Starring: Jim Carrey, Zooey Deschanel, Bradley Cooper
Directed by: Peyton Reed (“The Break-Up”)
Written by: Nicholas Stoller (“Fun with Dick and Jane”), Jarred Paul (“Bewitched”) and Andrew Mogel (deubt)
In Jim Carrey’s new film “Yes Man,” it feels like the rubber-faced star of such movies as “Dumb and Dumber” and “Liar, Liar” is in comedy limbo.
It was a mistake when Carrey tried to jump genres last year with the appalling thriller “The Number 23.” Now, back to do the work he’s best known for (although his turns at drama – “Eternal Sunshine of the Spotless Mind,” “The Truman Show” – have been his best projects), Carrey feels like an old jacket. It’s reliable and will keep you warm, but it would be nice to have something a little more hip (why do you think Adam Sandler is jumping on the Judd Apatow bandwagon next year?)
Not to say that Carrey has lost a step. He hasn’t. He’s still the best at what he does and does it with gusto. It never feels lazy but his herky-jerkiness naturally feels repetitious after a while. In “Yes Man,” Carrey takes it down a notch, which relieves some of the hyperactivity best left for a hopped-up Robin Williams on Ritalin.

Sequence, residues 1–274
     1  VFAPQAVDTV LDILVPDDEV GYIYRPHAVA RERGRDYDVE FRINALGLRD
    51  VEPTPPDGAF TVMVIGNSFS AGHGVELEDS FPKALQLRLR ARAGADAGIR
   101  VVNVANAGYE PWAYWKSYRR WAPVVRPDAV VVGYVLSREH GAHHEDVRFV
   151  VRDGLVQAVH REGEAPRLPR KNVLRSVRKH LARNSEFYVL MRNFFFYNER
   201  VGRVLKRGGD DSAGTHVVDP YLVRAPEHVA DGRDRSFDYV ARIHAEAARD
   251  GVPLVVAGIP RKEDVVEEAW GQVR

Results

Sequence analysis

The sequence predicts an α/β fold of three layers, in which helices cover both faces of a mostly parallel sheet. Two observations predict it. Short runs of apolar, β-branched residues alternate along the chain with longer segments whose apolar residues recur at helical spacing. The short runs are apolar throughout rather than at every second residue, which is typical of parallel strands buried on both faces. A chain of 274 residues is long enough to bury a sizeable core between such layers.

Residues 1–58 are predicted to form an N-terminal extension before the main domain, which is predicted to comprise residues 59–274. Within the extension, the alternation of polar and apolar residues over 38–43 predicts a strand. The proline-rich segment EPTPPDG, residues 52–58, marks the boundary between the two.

He plays financial banker and social recluse Carl Allen, a guy who never wants to hang out with his friends and is “commited to saying no” to everything. Carl’s lifestyle changes, however, when he runs into Nick (John Michael Higgins), a former co-worker who coerces him to attend a self-help seminar that he promises will get him out of his rut. At the seminar, headed by the always-positive guru Terrance Bundley (Terrance Stamp), Carl is somehow provoked to take the motivational speaker up on a challenge and say yes to every question he is asked. “Yes embraces the possible,” Terrance declares.
Carl’s transformation into a “yes man” starts off well when he accepts a homeless guy’s offer to drive him into the forest where he lives, runs out of gas, and ends up meeting Allison (Zooey Deschanel), a novice photographer and alternative musician who lives by the seat of her pants. With his newfound obsession to say yes, Carl and Allison hit it off and start a day-to-day relationship filled with activities he was never able to do before.
While the whole idea seems harmless at first, the illogical script gives Carrey free range to do just about anything he wants without second thought. The strategy moves the screenplay along, but everything is just so random at times even the quirky chemistry between Carrey and Deschanel sort of gets lost in their own bizarre world of spontaneity.
Carrey’s bound to find a role that really highlights his more worthy talents, but “Yes Man” isn’t that movie. It’s simply another minor offering that might be interesting to rent on DVD for the outtakes.